I have often heard it said in the tech press that Apple isn’t competing directly with Android. They are focused on software, experience, and the mass market, while Google has geared Android more toward power users who are looking for a more inclusive and open ecosystem. This would seem to be the case if you looked at the divergent tactics employed by Apple and the bevy of device manufacturers rolling out new Android tablets.
Motorola, Samsung, HTC, LG, and many others emphasized how superior their tablets specs were to the iPad 1, and how the new Honeycomb version of Android would give users the ability to do much more than is possible with Apple’s iOS. Apple, on the other hand, choose to give only a cursory nod to the technical side of the iPad 2, focusing more on software, the experience they have gained from a year with the iPad 1, and their leading position in market share and apps. This was the case, even though the specs of the iPad 2 were largely in line with the competition.
Early reviews for the iPad 2 look good so far. Some of the usual suspect sort of A-list sites who got their hands on the iPad 2 early have started publishing their thoughts on it, and they are mostly favorable. As expected they are not finding the finding this to be a revolutionary step up from the original, but a welcome and substantial improvement on it nonetheless.
One of the most interesting details to emerge in review by Engadget and MacWorld is that the iPad 2 has 512MB of RAM. While I’m glad to see the RAM is double that of the original iPad, I’m a little disappointed that we didn’t get 1GB. I guess that’s another step-up that will await the iPad 3.
I was happy to see that Engagdet says the battery life is still tremendous in their testing of the iPad 2.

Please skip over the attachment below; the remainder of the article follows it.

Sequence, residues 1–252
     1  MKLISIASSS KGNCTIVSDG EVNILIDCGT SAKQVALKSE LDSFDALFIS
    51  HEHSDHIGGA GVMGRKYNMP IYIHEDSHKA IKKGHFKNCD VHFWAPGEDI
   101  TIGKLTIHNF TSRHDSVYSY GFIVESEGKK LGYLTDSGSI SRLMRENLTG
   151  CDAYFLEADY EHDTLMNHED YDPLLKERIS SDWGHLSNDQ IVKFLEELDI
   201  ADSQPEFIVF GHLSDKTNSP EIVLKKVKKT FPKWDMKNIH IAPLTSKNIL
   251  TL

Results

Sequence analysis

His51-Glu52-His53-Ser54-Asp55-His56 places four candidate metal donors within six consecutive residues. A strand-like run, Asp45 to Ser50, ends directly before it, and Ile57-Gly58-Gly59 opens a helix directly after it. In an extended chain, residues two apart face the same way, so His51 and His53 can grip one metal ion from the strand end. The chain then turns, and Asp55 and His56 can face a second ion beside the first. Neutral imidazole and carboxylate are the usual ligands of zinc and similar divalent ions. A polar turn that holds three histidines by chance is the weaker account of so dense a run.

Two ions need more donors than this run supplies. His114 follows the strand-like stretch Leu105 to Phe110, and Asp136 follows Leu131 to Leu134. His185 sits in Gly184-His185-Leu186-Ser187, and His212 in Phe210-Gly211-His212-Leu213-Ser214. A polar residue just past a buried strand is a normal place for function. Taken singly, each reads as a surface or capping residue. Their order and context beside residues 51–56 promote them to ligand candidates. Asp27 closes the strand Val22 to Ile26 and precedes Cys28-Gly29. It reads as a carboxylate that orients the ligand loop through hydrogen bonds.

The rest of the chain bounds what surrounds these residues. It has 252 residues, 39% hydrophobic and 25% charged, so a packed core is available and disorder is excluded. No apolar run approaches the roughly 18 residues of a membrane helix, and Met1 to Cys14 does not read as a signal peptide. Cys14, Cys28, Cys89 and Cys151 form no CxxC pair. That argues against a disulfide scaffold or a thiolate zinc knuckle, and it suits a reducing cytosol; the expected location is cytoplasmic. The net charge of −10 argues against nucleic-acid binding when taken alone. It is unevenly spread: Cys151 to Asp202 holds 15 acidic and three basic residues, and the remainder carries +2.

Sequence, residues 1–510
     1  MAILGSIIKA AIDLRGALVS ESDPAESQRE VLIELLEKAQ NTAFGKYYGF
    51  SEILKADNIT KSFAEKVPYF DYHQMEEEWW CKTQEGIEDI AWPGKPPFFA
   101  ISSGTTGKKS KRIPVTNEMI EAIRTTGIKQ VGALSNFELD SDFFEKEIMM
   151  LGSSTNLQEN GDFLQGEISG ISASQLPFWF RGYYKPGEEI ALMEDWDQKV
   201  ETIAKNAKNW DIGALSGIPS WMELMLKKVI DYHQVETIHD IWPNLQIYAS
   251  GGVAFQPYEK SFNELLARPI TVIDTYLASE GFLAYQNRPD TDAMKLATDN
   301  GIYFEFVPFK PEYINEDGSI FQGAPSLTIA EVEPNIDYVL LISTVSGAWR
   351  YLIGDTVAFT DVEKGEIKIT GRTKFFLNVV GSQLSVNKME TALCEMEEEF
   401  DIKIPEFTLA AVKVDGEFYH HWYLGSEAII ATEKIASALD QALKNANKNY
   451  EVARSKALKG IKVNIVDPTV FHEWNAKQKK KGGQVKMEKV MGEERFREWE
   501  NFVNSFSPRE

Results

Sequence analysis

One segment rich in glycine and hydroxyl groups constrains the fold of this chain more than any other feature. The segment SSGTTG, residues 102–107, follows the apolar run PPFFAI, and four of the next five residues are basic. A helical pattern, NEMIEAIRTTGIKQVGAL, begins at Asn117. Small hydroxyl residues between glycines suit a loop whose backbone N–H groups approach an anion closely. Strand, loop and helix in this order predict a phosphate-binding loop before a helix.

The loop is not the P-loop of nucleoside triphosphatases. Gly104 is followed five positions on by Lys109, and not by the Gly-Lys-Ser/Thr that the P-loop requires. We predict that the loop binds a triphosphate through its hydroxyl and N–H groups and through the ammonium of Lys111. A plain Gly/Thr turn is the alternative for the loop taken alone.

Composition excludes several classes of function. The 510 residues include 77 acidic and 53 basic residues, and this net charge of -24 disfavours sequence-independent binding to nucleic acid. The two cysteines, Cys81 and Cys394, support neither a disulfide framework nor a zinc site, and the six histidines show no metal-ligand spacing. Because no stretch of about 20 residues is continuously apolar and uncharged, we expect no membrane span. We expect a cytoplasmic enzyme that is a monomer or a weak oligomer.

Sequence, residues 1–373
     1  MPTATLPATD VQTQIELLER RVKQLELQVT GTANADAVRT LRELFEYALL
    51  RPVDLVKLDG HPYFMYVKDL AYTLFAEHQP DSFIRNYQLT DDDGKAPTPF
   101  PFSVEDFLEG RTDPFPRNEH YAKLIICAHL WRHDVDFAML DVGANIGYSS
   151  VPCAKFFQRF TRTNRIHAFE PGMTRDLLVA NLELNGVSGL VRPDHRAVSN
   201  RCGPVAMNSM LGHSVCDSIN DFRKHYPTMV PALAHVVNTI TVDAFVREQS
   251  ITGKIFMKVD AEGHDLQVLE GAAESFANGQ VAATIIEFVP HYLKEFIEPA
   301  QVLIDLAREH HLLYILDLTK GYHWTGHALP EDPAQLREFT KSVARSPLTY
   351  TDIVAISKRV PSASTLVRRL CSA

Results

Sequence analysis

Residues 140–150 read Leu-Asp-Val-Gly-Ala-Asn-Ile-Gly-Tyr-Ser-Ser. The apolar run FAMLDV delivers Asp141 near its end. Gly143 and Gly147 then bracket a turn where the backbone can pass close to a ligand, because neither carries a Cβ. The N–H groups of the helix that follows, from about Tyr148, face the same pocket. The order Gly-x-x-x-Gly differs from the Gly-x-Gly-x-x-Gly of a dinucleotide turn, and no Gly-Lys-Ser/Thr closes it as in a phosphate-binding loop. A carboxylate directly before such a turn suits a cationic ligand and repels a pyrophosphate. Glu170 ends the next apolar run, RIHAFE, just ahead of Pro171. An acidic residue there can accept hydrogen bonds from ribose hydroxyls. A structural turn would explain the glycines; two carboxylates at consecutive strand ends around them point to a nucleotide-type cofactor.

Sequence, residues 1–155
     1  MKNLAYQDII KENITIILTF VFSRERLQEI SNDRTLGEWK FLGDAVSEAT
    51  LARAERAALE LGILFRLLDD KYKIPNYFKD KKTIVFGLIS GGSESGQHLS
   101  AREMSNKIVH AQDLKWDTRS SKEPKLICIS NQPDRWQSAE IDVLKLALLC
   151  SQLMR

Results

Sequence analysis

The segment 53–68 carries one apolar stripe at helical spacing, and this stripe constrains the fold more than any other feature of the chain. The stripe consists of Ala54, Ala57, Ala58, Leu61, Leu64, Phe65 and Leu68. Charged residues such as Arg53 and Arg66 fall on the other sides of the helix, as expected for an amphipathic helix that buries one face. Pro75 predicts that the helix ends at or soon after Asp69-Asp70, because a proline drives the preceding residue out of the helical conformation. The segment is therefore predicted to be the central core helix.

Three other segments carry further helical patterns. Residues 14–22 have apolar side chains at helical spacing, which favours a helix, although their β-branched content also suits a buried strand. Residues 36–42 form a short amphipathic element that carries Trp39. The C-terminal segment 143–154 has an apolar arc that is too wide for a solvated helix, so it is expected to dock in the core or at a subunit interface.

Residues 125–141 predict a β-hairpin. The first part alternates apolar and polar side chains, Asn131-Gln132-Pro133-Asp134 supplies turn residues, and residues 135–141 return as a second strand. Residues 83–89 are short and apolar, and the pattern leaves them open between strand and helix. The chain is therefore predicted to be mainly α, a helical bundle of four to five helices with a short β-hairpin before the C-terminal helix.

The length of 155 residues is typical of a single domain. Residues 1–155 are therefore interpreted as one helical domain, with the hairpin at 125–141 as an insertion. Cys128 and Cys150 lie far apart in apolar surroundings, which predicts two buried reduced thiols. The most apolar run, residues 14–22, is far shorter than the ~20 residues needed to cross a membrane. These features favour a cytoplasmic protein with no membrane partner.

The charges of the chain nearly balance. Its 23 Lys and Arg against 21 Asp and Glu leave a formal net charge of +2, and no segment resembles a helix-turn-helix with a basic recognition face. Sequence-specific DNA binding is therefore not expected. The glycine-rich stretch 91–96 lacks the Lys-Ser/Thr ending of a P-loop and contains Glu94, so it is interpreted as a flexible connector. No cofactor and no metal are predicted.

What do you all think of the bump-up to 512MB of RAM?
Image Source: 9to5Mac
OK, so it’s not like whatever we wish for the iPad 2 will magically come true next week when Apple unveils it. But … now that we know the unveiling is coming so soon, it’s the ideal time to start pondering all the recent rumors, ‘leaked’ mockups and case designs and so forth, and come up with a wish list for the iPad Dos.
Here’s a quick top of the head list of some of the main changes that now seem to be widely expected for the iPad 2:
— Slightly thinner and flatter
— Slightly lighter
— Cameras – at least one, likely two
— An upgraded (probably multi-core) processor
— An improved, larger speaker
— A better display, though probably still at the same screen resolution
— Possibly a mystery extra port.
Ming-Chi Kuo of Concord Securities released a note to investors today detailing his ideas on the iPad 2′s components. The analyst seems to agree with 9to5mac‘s findings in the SDK and is claiming the iPad 2 will keep the iPad 1′s 1024 x 768 display, but will introduce some improvements like a thinner panel and Kindle-like anti-reflection.
That’s a slice from a report at 9to5Mac yesterday on the latest iPad 2 rumored specs. The same report also says that the next gen iPad will:
- Have a dual-core 1.2 GHz processor
- Offer three connectivity options – WiFi, WiFi + GSM (for AT&T and others), and CDMA (for Verizon and others)
- Have a front camera ‘that’s a 0.3 megapixel VGA shooter and a back camera that’s a 1 megapixel lens’
The above points match 9to5Mac’s findings when digging through the iOS 4.3 SDK.
All of this sounds good to me. The anti-reflective display would be a big plus, the rest is pretty much inline with what we’ve been hearing for a while now about the iPad 2. I really want to know about how much RAM the iPad 2 will have – I think 512MB is a minimum and hope we’ll see 1GB.
Engadget has posted some juicy details on the iPad 2, gained from sources they say have proved reliable in the past. Here’s a quick summary of what they’ve learned:
— It’s going to have a built-in SD card slot, in the location shown in the photo above. And no traditional USB slot.
— It should be released ‘around April’ – which has been the most likely scenario all along, as it would fit Apple’s yearly refresh cycle.
— It will be thinner, as we’ve been hearing every time a ‘leaked’ mockup or case surfaces